NEWS BLOG from UPMC and the University of Pittsburgh Schools of the Health Sciences

Archive for May, 2017

Sophia’s Grace Foundation Makes Donation to UPMC Mercy

Sophia Grace Foundation Makes Donation to UPMC MercyUPMC Mercy recently received cuddle cot from the Sophia’s Grace Foundation. The crib enables grieving parents to spend additional time with their baby before saying goodbye.

While stillbirths are rare, they can be devastating to parents and families. A cuddle cot allows the family much-needed, therapeutic private time with their infant.

“This donation of a cuddle cot is a blessing,” said Kathy Diggans, UPMC Mercy’s director of Labor, Delivery and NICU. “Our families will deeply appreciate having extra time to spend with their baby. These are the only memories parents will have of their infant angels to last them a lifetime. We are so thankful for this extraordinary gift, and it will help improve the services we can provide to grieving parents.”

The family of Sophia Grace Lepley created the foundation in honor of their daughter, who passed in 2015. The foundation supports families around the world who are coping with the loss of a child and raises awareness of stillbirths while providing financial assistance to families who have lost an infant.

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Pitt Experts Challenge Necessity of Commonly Ordered Kidney Test

A commonly ordered test to diagnose a specific type of kidney disease has very little evidence showing diagnostic value, according to a recent review of the medical literature led by researchers at the University of Pittsburgh School of Medicine.

The results, published recently in the Journal of Hospital Medicine, found that urine eosinophils are too insensitive and nonspecific to confirm or exclude the diagnosis of acute interstitial nephritis (AIN) in patients with acute kidney injury.

Pitt Experts Challenge Necessity of Commonly Ordered Kidney TestDr. Helbert Rondon-Berrios, assistant professor in the Pitt School of Medicine’s Division of Renal-Electrolyte and corresponding author on the study, discussed the findings.

Why was this study necessary?

A. We waste a lot of money across the United States ordering ineffective and unnecessary diagnostic tests. In response to this, the American College of Physicians began its High Value Care initiative in 2010 to help physicians improve patient outcomes while simultaneously reducing health care system waste. We noticed that urine eosinophils, a diagnostic test nephrologists know has very low diagnostic value for AIN, was still commonly ordered by many non-nephrology providers. So, we decided to review the literature and summarized the evidence strongly arguing against using this test.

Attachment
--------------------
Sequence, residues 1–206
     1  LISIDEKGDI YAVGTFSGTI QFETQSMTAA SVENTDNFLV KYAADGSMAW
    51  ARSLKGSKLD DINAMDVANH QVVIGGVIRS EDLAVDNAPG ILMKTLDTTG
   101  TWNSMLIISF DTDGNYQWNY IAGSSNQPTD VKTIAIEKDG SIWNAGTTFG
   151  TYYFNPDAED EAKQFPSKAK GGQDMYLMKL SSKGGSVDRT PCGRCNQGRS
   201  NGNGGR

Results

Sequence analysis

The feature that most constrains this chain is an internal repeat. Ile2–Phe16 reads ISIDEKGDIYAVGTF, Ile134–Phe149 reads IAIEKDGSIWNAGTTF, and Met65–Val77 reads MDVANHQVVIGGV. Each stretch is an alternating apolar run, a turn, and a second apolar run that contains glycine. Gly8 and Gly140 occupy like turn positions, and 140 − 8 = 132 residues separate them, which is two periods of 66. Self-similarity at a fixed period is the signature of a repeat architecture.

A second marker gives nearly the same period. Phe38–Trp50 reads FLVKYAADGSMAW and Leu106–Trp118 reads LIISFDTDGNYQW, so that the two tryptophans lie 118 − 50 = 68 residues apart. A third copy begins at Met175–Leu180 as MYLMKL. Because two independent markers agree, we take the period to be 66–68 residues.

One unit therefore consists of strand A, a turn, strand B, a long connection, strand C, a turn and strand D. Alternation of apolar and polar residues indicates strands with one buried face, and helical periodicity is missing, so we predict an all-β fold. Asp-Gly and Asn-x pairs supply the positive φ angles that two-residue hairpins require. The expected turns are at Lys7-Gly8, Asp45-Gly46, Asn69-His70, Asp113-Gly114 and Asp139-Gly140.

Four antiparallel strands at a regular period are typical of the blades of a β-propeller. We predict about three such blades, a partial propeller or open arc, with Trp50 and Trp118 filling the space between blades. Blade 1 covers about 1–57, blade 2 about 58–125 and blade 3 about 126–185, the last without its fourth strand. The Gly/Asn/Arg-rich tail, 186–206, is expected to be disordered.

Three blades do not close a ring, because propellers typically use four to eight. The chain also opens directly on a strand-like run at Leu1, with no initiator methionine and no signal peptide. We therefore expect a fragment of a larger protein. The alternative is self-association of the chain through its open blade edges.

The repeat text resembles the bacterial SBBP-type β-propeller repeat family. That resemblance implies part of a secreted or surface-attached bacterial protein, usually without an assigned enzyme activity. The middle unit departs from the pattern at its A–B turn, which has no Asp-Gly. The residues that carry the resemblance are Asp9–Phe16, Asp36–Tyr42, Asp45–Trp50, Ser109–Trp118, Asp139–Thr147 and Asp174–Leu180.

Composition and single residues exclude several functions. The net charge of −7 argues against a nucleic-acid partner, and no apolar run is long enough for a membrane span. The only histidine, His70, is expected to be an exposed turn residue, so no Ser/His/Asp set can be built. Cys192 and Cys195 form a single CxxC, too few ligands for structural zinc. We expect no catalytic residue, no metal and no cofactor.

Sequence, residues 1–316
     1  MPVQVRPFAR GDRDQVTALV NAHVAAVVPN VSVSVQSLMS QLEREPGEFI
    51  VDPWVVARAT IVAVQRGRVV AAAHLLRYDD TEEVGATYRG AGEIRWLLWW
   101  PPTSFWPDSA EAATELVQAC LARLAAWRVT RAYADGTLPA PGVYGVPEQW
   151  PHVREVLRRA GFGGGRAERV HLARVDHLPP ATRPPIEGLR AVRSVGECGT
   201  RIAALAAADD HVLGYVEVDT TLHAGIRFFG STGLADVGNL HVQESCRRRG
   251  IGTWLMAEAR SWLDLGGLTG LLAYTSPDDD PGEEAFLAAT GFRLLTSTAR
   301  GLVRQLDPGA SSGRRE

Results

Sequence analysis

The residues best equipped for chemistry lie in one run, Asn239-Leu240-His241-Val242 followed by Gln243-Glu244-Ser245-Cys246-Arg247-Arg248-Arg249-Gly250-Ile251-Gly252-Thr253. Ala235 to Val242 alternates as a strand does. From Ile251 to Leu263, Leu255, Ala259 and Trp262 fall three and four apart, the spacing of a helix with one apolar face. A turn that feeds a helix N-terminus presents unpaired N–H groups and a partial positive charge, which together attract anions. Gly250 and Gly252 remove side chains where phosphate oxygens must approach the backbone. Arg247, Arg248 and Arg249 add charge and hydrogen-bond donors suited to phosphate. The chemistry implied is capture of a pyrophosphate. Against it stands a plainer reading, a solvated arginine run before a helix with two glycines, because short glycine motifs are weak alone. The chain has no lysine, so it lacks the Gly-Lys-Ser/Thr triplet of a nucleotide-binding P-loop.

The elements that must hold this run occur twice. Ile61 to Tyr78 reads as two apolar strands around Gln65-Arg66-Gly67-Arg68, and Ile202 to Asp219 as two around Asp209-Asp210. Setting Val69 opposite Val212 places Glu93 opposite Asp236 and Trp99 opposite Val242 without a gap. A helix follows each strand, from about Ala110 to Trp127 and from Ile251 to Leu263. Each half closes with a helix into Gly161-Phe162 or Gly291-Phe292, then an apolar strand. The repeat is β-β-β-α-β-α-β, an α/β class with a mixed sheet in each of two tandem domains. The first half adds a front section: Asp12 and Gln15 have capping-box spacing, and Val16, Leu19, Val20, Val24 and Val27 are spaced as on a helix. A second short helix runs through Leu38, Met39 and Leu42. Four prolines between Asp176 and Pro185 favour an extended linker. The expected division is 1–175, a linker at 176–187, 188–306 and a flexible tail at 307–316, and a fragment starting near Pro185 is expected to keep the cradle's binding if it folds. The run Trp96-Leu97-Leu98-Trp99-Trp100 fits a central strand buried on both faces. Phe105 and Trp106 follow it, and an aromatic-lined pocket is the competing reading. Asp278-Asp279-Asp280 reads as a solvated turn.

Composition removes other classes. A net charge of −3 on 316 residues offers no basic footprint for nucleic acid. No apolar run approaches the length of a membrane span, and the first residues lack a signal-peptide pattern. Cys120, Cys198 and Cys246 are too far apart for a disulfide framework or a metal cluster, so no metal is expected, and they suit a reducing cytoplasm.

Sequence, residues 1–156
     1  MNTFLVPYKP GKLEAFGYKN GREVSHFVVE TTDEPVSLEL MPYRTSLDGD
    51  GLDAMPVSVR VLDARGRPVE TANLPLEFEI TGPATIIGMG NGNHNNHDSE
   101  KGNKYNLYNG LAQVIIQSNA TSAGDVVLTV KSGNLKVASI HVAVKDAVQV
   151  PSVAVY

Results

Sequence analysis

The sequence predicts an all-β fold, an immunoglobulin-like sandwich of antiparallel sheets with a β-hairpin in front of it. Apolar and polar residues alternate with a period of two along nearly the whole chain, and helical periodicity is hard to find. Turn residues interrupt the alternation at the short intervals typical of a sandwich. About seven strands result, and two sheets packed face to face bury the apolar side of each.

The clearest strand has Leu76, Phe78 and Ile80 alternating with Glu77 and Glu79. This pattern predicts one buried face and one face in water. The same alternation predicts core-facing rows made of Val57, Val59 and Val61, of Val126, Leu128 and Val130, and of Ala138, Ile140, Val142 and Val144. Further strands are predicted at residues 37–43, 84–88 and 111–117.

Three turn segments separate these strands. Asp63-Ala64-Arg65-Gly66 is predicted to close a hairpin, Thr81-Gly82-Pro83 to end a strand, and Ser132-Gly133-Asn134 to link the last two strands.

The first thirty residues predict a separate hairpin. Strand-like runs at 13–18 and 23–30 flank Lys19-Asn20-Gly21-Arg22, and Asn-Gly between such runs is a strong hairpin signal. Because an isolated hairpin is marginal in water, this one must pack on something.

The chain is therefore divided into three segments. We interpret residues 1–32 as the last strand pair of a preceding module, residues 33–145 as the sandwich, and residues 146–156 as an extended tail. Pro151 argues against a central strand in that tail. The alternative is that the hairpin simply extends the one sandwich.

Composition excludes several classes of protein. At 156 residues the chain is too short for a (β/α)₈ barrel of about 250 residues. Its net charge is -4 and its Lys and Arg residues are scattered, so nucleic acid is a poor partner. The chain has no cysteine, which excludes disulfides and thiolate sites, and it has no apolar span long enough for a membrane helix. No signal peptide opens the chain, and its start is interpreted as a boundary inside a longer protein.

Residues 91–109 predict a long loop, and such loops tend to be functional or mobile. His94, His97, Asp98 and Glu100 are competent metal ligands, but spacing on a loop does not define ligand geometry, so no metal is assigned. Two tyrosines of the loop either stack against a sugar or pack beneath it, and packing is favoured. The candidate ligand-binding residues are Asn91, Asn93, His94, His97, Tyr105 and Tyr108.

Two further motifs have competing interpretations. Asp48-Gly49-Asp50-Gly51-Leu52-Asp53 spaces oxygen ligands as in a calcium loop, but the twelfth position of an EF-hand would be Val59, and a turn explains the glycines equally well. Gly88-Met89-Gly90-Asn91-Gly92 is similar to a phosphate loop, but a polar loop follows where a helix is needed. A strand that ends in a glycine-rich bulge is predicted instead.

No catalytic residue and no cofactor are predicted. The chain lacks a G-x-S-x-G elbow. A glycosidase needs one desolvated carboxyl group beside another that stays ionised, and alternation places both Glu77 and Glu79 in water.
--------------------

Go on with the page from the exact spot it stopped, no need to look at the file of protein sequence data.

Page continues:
What are the highlights?

A. Previous studies have shown that urine eosinophils were useful as a biomarker for AIN. However, newer and more focused studies show that the sensitivity and specificity of urine eosinophils is pretty poor.

Did anything surprise you?

A. The poor quality of the original studies supporting the use of urine eosinophils. These studies had a small number of patients and lacked biopsy confirmation of AIN. It is important that the patients we study with a disease have the disease in question. The diagnosis of AIN in these studies was done on “clinical grounds” only, without biopsy confirmation.

What happens next?

A. Doctors need to strongly consider whether they should stop ordering this test. Most of us nephrologists are well-aware of this, but unfortunately other physicians and health providers are still ordering it and trust the results. Sometimes, this means that if the test is positive, they will discontinue drugs that are important for the patient because they think the drug is causing kidney problems, or they stop looking for a different cause of acute kidney injury. If the test is negative, they rule out AIN and the patient continues on drugs that can be potentially harmful.

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Strong Foundations: Caring for Children and Families for more than 125 Years

This is the third piece in a series about the many hospital foundations that support UPMC’s mission to serve the community.

More than 125 years ago, the Pittsburgh community came together to establish the region’s only children’s hospital, and in the time since, community members have continued to invest in an institution that has grown to become one of the world’s leading children’s hospitals.

Children’s Hospital of Pittsburgh of UPMC is a leader in the treatment of childhood conditions and diseases, a pioneer in the development of new and improved therapies, and a top educator of the next generation of pediatricians and pediatric subspecialists.

The 315-bed hospital in Lawrenceville, Pennsylvania, is the hub of a system that includes nine outreach locations throughout western Pennsylvania and West Virginia, an ambulatory surgery center, and a network of more than 40 pediatric primary care practices, many of which include behavioral health and weight management care embedded within the practice environment.

Children’s Hospital is consistently named to several elite lists of pediatric hospitals, including ranking 10th among children’s hospitals and schools of medicine (2015) in funding for pediatric research provided by the National Institutes of Health, and is one of 11 pediatric hospitals in the United States named to U.S. News & World Report’s Honor Roll of America’s “Best Children’s Hospitals” for 2016-2017. Children’s Hospital also has received Magnet® Recognition for Nursing Excellence, a prestigious award granted to only 7 percent of hospitals nationwide. (more…)

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